It’s hard to envision life without the computer. Today we carry miniature computers – that’s what smartphones are, after all – in our pockets. However, there was a time when the majority of consumers didn’t have a single computer within their homes.
George Dyson, a science historian, asks how we went from having no computers to having so many in such a brief time period in his book, Turing’s Cathedral.
Dyson has a unique vantage point which makes him the perfect author for this book. He’s the son of a top scientist, Freeman Dyson and, consequently, has spent much of his years at the Princeton Institute for Advanced Studies. The Institute was home to the globe’s most capable scientific minds – included Einstein’s – as they were in the middle of building and operating the very first digital computers under the guidance of scientist Josh von Neumann.
If you read Turing’s Cathedral it may surprise you at just how much chance was involved in the development of the machines that let to computers. The book not only highlights the creation of the computer but also the personalities involved at the Princeton Institute. They weren’t always on the same page but were able to create the first digital computer nevertheless.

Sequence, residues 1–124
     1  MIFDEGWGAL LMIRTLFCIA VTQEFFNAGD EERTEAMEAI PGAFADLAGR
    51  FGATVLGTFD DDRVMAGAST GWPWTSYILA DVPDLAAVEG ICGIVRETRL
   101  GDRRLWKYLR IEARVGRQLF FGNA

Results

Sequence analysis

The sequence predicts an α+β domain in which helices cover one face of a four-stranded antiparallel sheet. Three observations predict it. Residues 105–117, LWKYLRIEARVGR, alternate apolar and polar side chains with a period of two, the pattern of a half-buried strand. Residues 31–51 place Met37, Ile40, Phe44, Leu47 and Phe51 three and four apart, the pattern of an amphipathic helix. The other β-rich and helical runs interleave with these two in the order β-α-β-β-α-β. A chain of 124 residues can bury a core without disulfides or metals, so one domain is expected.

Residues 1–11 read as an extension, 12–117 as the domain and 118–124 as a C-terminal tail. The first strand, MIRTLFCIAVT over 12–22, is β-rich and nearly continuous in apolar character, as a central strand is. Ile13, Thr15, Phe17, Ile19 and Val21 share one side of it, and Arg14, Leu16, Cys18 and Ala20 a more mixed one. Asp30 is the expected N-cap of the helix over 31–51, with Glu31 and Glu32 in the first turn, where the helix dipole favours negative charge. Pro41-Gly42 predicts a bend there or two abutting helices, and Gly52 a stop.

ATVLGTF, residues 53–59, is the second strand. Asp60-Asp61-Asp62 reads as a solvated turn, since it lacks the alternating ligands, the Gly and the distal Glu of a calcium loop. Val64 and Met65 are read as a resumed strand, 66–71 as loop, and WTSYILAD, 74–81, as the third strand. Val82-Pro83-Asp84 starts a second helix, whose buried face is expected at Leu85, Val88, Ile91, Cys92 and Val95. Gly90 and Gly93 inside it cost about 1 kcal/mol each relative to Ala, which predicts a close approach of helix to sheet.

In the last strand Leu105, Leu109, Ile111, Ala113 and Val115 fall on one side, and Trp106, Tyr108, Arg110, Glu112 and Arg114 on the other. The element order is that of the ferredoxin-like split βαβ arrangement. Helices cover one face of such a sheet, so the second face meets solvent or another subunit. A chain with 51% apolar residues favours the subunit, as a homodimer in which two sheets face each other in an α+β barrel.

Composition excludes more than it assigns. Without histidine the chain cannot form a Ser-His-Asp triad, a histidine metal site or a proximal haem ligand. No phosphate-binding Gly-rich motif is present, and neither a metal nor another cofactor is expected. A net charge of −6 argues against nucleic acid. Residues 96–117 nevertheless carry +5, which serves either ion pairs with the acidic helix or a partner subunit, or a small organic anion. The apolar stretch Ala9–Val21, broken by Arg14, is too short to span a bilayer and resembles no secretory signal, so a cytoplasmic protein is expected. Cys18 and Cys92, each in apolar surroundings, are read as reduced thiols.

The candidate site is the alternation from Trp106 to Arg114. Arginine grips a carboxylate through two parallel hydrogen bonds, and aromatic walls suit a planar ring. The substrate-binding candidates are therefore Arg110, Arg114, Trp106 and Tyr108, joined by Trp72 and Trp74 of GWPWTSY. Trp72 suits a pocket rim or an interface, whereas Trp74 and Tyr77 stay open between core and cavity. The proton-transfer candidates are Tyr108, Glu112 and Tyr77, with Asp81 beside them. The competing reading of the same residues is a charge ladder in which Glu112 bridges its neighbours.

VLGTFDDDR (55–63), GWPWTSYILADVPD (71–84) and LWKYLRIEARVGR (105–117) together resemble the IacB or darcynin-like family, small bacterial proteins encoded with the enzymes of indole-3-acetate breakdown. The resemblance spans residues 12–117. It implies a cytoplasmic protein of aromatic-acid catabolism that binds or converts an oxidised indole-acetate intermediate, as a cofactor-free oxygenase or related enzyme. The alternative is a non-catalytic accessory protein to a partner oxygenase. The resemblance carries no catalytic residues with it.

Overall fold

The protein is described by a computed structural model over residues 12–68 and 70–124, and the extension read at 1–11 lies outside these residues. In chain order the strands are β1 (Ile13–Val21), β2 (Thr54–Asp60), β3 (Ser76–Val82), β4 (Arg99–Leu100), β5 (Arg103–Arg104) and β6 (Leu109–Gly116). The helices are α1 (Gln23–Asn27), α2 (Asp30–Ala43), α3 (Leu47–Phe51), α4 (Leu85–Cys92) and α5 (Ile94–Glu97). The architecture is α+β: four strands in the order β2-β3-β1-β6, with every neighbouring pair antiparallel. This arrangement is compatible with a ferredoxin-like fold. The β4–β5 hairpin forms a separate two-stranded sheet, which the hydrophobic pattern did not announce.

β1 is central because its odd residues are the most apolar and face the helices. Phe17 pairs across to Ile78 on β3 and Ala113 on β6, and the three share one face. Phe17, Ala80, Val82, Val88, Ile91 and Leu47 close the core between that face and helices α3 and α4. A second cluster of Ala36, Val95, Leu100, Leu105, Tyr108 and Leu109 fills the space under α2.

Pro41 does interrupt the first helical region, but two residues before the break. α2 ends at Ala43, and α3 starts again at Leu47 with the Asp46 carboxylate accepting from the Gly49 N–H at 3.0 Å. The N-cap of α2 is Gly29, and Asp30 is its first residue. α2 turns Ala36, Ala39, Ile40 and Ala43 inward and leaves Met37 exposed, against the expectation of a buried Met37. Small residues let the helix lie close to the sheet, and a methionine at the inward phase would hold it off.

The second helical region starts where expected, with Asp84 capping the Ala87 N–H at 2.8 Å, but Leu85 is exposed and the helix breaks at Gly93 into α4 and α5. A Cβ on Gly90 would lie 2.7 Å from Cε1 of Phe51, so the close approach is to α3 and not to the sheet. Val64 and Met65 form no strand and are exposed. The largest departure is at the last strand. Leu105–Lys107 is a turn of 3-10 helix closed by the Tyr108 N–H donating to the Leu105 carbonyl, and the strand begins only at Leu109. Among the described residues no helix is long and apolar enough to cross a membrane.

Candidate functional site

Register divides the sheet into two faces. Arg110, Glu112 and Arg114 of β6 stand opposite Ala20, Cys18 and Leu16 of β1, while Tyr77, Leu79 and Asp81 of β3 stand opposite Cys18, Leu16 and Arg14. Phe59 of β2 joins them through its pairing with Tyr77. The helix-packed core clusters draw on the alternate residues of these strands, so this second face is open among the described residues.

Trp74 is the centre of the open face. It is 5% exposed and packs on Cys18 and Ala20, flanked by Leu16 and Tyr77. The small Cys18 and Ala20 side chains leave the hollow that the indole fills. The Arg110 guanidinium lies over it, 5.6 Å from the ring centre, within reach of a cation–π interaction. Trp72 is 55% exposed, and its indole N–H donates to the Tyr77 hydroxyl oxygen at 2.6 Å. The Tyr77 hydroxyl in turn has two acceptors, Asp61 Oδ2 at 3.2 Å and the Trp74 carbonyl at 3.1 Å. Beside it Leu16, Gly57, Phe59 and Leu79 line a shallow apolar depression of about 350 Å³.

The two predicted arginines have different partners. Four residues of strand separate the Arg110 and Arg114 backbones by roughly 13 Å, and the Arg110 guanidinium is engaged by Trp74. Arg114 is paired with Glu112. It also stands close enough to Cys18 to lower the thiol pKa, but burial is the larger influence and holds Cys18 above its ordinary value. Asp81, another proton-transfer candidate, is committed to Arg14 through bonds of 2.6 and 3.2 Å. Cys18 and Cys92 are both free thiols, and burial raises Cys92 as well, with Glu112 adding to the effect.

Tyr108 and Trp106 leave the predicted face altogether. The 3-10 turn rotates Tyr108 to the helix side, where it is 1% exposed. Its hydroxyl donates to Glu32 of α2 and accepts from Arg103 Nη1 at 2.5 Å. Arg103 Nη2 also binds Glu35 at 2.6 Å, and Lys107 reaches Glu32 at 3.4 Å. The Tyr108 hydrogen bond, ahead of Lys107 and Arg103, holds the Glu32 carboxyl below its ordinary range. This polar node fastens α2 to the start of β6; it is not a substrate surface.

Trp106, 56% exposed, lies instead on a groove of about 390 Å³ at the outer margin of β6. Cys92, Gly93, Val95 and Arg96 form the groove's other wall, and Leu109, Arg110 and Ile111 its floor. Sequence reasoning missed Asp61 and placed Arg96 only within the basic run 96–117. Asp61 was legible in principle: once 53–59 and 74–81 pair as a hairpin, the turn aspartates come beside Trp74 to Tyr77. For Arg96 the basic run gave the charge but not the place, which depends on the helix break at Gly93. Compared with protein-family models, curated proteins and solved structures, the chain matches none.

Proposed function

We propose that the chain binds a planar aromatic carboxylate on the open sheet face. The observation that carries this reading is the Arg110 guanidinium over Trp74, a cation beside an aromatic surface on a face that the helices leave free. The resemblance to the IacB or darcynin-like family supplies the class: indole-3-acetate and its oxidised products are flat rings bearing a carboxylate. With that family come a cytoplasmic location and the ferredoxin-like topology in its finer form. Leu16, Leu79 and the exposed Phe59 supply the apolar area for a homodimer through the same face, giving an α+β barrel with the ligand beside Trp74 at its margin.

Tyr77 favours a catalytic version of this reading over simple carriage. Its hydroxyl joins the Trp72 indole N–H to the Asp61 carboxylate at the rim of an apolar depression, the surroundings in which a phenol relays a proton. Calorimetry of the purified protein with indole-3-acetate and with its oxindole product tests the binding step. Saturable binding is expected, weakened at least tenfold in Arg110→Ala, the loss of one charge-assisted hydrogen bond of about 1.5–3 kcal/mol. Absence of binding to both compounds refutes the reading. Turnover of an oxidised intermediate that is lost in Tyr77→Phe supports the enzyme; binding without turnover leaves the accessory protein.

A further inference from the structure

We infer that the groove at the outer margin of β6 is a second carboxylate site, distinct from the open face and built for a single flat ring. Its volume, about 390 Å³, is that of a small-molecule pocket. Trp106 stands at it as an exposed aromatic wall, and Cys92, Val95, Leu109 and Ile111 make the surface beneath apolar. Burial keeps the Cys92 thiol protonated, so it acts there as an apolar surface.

Genius or not, people are still people, and when working tightly on the same project there are certain to be rivalries and disagreements that happen. Turing’s Cathedral lays these matters open, displaying the humanity of the scientist that came up with the first computer.It was not only the personal disputes that needed to be set aside to make this project prosperous; there were also ethical issues involved. The work that went into the development of the computer walked hand in hand with the U.S. nuclear weapons project.
You may have the idea that a history book about computers won’t just be dry but also full of complicated jargon. This is not the case with Turing’s Cathedral; most people who use computers will find this book interesting. Which is a lot of people today.